The Sinking City | Review | Switch - Japan-based Nintendo Podcasts, Videos & Reviews!


Friday, September 20, 2019

The Sinking City | Review | Switch

by James Charlton

The Sinking City is like a recipe of different games mixed into one. The movement and enemy encounters are like Resident Evil or Silent Hill, the story and atmosphere are like Eternal Darkness, and the open world nature and sleuthing / puzzle solving features are like LA Noire. Quite a mix!

The story takes places in a fake city called Oakmont which is in a real state called Massachusetts, and oh boy is the city in real state! After a devastating flood, the whole city is covered in dirt, slime, and pieces of giant squid. It’s not a pleasant place to be in, and the constant feeling of death and despair never goes away. Couple that with the fact the main character is suffering from delusions and anxiety, and almost everyone he meets has something wrong with them and/or is horrifically ugly, it’s probably not the game to play as a pick-me-up!

The main character Charles Reed is a private detective on a mission to discover the source of his nightmares, and the cause of mass hysteria amongst the Oakmont citizens, all of which seem to be caused by the flood…but what caused the flood?

You will be picking up evidence from around the environment, reading notes and combining clues to make conclusions. I mean all of these things literally by the way, none of this is automatic or spelled out for you, no markers are dropped onto the map with a big “go here” sign. Much like Sherlock or any other good detective you have a “mind palace” where you must sift through items and notes you’ve collected to form ideas of what to do or where to go next. Thankfully the game lets you adjust the difficulty of both the combat and investigation parts of the game, so if you’re feeling a bit overwhelmed you can make things (a bit) easier. If you don’t like reading or doing actual detective work, you might get stuck even on the easiest settings.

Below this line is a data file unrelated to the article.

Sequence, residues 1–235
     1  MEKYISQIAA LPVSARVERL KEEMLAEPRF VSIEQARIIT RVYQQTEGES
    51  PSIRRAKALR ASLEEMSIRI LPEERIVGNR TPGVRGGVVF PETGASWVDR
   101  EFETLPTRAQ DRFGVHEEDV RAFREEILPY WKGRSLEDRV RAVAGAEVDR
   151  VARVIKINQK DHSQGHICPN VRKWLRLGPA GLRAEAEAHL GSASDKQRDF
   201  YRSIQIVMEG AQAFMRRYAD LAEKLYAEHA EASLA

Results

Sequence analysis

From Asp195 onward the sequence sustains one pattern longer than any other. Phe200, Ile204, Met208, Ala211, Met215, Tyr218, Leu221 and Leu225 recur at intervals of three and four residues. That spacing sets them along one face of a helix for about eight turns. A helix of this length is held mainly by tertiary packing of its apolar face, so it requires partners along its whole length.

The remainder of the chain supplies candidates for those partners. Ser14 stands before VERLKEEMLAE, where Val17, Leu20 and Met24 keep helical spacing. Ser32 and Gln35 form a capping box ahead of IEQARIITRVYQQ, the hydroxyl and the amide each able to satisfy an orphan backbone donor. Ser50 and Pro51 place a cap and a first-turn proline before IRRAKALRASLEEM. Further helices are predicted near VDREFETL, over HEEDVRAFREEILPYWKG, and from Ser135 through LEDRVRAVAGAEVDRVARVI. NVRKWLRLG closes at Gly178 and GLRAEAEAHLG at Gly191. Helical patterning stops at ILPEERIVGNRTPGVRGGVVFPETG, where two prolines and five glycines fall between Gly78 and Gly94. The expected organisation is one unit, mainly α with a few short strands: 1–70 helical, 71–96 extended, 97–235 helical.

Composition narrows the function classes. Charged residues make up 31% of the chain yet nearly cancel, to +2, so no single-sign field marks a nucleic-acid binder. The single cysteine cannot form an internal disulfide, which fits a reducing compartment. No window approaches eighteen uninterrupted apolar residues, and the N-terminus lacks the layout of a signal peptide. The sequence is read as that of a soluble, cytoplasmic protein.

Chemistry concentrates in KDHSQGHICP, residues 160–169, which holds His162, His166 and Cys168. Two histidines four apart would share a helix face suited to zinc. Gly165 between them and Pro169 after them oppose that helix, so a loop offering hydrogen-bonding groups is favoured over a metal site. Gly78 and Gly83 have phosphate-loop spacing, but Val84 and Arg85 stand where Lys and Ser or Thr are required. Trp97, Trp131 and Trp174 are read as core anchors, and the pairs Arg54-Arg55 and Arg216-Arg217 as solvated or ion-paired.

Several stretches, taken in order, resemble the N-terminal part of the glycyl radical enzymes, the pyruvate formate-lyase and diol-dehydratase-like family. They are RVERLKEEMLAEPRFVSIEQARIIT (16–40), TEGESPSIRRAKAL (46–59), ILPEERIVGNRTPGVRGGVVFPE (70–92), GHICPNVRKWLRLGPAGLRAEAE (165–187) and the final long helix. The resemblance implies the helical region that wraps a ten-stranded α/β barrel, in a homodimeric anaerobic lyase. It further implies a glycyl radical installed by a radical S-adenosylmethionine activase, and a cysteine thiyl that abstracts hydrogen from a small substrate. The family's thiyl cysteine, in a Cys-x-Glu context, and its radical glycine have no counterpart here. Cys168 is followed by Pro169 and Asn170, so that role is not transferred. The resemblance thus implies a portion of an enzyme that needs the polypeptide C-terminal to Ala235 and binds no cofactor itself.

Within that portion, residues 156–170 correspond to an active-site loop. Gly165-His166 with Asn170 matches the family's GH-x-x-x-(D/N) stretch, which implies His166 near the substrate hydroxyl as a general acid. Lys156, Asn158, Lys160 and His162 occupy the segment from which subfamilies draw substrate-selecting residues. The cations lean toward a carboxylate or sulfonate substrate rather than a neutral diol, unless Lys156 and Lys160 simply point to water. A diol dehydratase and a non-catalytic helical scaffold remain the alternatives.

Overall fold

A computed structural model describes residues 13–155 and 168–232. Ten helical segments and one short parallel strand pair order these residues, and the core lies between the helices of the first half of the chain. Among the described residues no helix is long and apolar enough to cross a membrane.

Some of the coolest parts of the investigations are straight out of Batman Arkham Origins. First you switch on your “Mind’s Eye” (detective vision), and then you proceed to recreate events which happened in the past by exploring the area in that mode.

The story is probably the most interesting aspect of the game, and you will feel compelled to keep going. As I mentioned earlier it has a lot of Eternal Darkness vibes thanks to its heavy inspiration from H.P. Lovecraft, there is even an insanity meter that goes down when confronted by enemies or places with weird vibes. The focus in the Sinking City is mostly on story, with combat areas being clearly marked as “infected zones”, meaning you can even avoid them completely in early parts of the game. It’s probably for the best that the shooting and combat is not the focus of the game, as neither feel very good. Shooting some of the medium-sized enemies feels like a waste of money (bullets are the currency in the game) as they seem to take way more bullets than any zombie in a Resident Evil game ever did.

Technically, it’s a marvel at how this is even running on Switch. After a lengthy load at the start of the game, there isn’t much at all after that which is impressive considering the whole game takes place in one huge open world city. The graphics have been scaled quite a lot to fit it on Switch and it’s impressive that it even runs on the console, but this is not a beautiful game. It also features some of the most egregious pop-in I’ve even seen in a game, with grass being rendered literally metres from where the main character is standing.

So who should buy The Sinking City? If you’re a huge sucker for film noire and H.P Lovecraft, care more about a games’ story and atmosphere than literally anything else, then maybe this is for you. If you’re looking for an open-world Resident Evil game, then you will be disappointed, it’s far too slow-paced and clumsy to satisfy you.

Final Score: 6.0

Review code provided by the publisher

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